None of the penises have arms and, although scans show small brains behind the eye/mouths, they don’t seem to have much intelligence. They drink milk, from saucers, bending in the middle to suck; and that appears to suffice to keep them alive. They huddle quietly together, in groups on the street, in parks and gardens, or watch sport on television. We use them as toys. My sister said that grown-up women use them as sex toys, but she wouldn’t explain what that meant.

“For making babies?” I asked her once, having read something about this in a bc biology text-book.

“No. You know we don’t need them for making babies.”

Yes. I knew we didn’t need them for making babies and I wondered why we needed them at all. They weren’t even frightening any more. Before all the men shrank to the size and shape of their penis, Angela Raynor organized sperm banks and created a fair and efficient system for impregnating women who wanted to be impregnated. She announced at a Downing Street conference in May, 2029, that there was enough sperm stored in sperm banks to repopulate the world a zillion times over.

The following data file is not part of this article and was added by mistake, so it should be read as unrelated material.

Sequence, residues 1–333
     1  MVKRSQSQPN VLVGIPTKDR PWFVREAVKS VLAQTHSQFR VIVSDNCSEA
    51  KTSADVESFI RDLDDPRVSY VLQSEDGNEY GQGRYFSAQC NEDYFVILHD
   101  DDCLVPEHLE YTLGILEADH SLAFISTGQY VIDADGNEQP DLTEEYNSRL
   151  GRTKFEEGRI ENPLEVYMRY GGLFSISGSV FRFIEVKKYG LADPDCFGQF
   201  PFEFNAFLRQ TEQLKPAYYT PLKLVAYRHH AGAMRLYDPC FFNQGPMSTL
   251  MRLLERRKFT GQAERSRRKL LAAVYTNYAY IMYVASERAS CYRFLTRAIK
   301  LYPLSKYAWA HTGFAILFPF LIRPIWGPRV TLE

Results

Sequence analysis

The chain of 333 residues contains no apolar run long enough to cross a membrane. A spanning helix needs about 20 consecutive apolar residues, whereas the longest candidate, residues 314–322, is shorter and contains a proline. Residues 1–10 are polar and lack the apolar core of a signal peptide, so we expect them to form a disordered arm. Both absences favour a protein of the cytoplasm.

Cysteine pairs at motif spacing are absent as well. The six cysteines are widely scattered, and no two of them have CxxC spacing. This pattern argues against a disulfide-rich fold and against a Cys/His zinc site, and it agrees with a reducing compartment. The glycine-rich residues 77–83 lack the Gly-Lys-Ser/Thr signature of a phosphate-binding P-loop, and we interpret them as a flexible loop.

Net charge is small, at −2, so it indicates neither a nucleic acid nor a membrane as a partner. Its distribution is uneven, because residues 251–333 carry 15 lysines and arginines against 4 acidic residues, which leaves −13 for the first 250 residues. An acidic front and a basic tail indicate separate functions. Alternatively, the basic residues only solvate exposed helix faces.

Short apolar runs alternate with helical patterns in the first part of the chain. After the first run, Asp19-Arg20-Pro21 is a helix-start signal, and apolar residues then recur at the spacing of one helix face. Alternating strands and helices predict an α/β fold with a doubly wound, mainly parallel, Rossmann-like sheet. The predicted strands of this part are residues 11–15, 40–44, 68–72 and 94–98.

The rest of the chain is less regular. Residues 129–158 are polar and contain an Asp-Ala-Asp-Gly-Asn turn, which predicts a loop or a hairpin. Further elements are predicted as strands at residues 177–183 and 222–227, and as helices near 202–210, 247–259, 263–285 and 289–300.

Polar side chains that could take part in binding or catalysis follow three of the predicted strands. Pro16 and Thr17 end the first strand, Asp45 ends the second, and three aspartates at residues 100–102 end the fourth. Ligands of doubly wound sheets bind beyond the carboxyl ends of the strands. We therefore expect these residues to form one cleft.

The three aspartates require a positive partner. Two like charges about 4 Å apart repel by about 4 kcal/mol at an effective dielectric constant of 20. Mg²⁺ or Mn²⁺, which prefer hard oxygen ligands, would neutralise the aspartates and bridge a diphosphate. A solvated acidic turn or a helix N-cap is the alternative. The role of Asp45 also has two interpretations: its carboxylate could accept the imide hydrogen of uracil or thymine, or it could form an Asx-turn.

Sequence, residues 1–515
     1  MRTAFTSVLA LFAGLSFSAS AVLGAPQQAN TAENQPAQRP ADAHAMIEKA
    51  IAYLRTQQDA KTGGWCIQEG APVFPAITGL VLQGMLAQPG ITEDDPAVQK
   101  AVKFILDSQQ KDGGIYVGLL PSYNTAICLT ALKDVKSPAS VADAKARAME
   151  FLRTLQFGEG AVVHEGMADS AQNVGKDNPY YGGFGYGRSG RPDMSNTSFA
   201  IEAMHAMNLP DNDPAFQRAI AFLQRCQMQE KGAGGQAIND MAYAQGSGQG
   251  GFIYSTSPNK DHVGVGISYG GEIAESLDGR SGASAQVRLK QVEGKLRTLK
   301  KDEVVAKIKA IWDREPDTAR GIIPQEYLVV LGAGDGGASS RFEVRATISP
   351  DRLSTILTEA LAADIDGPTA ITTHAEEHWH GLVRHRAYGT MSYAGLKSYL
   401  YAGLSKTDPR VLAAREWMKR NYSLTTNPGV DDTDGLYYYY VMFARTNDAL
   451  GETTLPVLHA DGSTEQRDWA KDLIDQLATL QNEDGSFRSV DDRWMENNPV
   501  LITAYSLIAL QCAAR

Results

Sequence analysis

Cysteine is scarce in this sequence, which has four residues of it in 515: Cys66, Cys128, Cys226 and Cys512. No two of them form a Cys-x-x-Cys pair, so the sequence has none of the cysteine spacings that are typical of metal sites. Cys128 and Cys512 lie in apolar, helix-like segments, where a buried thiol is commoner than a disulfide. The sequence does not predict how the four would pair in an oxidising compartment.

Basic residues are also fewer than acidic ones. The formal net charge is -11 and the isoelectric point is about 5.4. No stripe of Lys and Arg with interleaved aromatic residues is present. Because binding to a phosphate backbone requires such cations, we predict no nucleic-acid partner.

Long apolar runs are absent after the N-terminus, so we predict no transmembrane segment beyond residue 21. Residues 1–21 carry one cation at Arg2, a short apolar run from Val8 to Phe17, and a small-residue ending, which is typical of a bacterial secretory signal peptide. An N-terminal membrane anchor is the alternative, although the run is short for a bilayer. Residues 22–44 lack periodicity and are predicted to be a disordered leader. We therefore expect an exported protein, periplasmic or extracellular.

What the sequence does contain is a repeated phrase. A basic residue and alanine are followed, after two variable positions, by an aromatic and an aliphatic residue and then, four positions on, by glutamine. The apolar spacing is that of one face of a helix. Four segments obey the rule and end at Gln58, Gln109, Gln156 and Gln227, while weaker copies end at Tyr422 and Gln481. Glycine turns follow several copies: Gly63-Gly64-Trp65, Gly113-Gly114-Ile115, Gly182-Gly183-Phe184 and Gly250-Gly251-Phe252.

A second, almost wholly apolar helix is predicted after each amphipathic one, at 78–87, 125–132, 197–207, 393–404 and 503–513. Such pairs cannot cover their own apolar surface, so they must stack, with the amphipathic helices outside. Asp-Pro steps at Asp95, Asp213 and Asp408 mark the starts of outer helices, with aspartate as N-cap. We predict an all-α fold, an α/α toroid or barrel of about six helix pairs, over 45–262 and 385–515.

“A zillion’s not a number,” I said.

“She just means we’ve more than enough.” My sister squeezed the two penises she was playing with, so their eye/mouths went tight and thin and long. “So we don’t need you, do we, except for fun?” She gave the penises a friendly shake and knocked them against each other. They wobbled and flopped until my sister rubbed them enough to make them stay straightish again.